Democratic nominee for state superintendent of education joins new party

COLUMBIA, SC (WOLO) — You may have heard of a two-party system, but have you ever heard of a candidate running under two parties?

That’s exactly what education superintendent candidate Lisa Ellis did.

“The Alliance Party represents voices that are often silenced by politicians, voices like working families and students with special needs,” the Democratic candidate said. “It is this alignment that excites me to run as a merged candidate with the Democratic Party and the Alliance Party.”

The founder of the SC Teachers Group for Ed says running as a merged candidate under two parties shows she is more focused on improving public schools than a Democratic party agenda.

“I urge you, when you vote in November, to put the education of your child, grandchild or neighbor first,” Ellis said.

The last Democrat to win a state education superintendent was Jim Rex in 2006. On Thursday, he explained why he supported Lisa Ellis.

“Lisa is uniquely positioned to help this state deal with the teacher supply crisis,” Rex said. “First of all, I want to remind you that she is the first candidate to run for office who is an active teacher.”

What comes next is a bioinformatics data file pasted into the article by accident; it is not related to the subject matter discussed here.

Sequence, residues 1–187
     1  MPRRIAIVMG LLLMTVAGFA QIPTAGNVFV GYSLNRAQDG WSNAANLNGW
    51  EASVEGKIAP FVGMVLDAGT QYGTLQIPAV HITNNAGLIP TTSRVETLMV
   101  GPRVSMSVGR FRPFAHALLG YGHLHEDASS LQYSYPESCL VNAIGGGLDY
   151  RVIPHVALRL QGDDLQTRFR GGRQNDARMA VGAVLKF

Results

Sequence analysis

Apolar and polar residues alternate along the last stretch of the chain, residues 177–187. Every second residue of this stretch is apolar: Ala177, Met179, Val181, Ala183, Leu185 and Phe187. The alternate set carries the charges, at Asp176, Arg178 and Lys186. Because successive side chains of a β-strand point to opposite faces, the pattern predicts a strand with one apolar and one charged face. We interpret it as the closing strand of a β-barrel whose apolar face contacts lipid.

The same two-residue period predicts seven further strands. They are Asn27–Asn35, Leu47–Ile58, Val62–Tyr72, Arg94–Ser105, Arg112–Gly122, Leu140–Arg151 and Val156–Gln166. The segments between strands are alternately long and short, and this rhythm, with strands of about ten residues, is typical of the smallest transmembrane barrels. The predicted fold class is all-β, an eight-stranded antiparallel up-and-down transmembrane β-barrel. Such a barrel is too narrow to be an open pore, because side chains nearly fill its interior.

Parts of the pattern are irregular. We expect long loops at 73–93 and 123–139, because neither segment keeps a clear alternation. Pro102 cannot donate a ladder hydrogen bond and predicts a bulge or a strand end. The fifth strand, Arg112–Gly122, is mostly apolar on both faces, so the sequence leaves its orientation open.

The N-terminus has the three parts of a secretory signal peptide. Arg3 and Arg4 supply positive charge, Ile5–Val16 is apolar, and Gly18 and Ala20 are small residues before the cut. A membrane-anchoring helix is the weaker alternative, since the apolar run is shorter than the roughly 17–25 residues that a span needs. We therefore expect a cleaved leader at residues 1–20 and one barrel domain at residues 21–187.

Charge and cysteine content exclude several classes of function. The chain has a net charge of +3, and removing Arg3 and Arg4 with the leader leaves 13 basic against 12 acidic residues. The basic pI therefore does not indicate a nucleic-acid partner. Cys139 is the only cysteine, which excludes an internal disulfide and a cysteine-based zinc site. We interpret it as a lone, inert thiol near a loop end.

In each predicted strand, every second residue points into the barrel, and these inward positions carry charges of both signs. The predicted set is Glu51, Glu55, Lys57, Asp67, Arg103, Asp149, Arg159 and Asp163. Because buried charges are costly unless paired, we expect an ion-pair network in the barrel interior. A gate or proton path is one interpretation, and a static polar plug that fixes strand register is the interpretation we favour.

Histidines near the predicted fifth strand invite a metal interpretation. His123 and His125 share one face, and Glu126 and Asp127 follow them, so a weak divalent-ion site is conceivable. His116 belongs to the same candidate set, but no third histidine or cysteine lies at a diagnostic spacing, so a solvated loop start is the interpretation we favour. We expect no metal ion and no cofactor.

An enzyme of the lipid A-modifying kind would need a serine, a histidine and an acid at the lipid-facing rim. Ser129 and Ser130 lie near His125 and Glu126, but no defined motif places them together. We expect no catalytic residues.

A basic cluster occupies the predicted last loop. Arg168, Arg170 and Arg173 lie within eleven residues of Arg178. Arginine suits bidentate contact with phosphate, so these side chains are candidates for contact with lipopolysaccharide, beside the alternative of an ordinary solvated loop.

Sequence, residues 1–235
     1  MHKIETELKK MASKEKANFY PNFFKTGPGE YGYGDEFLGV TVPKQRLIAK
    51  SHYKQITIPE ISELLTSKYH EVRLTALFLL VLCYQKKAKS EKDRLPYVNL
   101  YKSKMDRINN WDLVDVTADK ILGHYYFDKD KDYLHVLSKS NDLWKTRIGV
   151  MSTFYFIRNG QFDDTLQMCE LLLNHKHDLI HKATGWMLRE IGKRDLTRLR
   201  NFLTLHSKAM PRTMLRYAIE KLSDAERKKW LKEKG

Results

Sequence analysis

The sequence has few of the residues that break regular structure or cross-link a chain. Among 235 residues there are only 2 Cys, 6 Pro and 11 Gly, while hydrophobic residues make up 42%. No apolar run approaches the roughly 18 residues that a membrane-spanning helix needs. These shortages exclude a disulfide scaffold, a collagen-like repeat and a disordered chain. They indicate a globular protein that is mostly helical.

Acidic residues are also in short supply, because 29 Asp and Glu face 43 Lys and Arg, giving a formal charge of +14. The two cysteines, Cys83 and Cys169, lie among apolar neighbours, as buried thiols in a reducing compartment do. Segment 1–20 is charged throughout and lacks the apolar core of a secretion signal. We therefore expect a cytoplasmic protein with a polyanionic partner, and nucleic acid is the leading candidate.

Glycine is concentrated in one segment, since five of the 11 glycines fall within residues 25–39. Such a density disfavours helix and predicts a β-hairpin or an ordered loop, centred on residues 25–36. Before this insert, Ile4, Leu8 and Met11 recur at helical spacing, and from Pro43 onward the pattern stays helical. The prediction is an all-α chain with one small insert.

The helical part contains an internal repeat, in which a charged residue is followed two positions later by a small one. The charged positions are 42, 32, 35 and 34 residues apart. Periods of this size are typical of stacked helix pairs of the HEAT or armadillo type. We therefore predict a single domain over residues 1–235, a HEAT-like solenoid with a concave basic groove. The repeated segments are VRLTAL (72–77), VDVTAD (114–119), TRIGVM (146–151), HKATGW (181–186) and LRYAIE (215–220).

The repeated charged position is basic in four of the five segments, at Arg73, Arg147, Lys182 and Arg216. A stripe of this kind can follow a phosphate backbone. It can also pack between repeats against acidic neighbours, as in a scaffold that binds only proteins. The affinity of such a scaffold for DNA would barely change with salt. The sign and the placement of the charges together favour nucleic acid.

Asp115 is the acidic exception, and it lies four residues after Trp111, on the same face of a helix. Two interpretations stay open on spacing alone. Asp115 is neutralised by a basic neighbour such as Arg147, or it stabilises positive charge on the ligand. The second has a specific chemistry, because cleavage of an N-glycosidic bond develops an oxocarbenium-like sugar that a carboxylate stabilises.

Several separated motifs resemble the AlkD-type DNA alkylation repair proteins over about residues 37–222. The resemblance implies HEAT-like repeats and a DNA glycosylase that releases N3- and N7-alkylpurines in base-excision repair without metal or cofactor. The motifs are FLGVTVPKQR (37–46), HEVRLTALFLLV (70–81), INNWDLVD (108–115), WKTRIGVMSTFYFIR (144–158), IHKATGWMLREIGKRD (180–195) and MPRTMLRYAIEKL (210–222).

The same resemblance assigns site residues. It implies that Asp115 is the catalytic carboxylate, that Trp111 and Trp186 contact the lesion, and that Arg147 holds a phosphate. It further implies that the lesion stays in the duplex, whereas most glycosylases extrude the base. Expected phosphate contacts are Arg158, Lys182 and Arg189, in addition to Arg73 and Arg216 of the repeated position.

Ellis has 21 years of experience in education, teaching in three school districts and four schools.

Rex says the contrast between the candidates for state superintendent of education makes it easier for voters to choose.

“On the one hand, you have an educator who believes in the importance of accessibility and accountability in public education,” said the former state superintendent of education. “On the other hand, you have a non-educator proposing to use taxpayers’ money to weaken our public schools and cover some of the public school expenses.”

Ellis’ opponent, Republican Party nominee Ellen Weaver, also has support from former superintendents. Mick Zais and Barbara Neilsen along with 27 state legislators endorsed Weaver.

“I have the skills… the background and experience to work with them to build relationships of trust. I researched the policies to understand what works and what doesn’t,” Weaver said in June. “I also have an attentive ear. I’m going to be in the community to filter comments from parents, teachers, and business leaders. All of these things make me a uniquely qualified candidate for this position.

Ultimately, voters in November will decide what could prove to be a close race.

In the Democratic primary, Ellis received over 87,000 votes. In the Republican runoff election, Weaver received approximately 92,000 votes.

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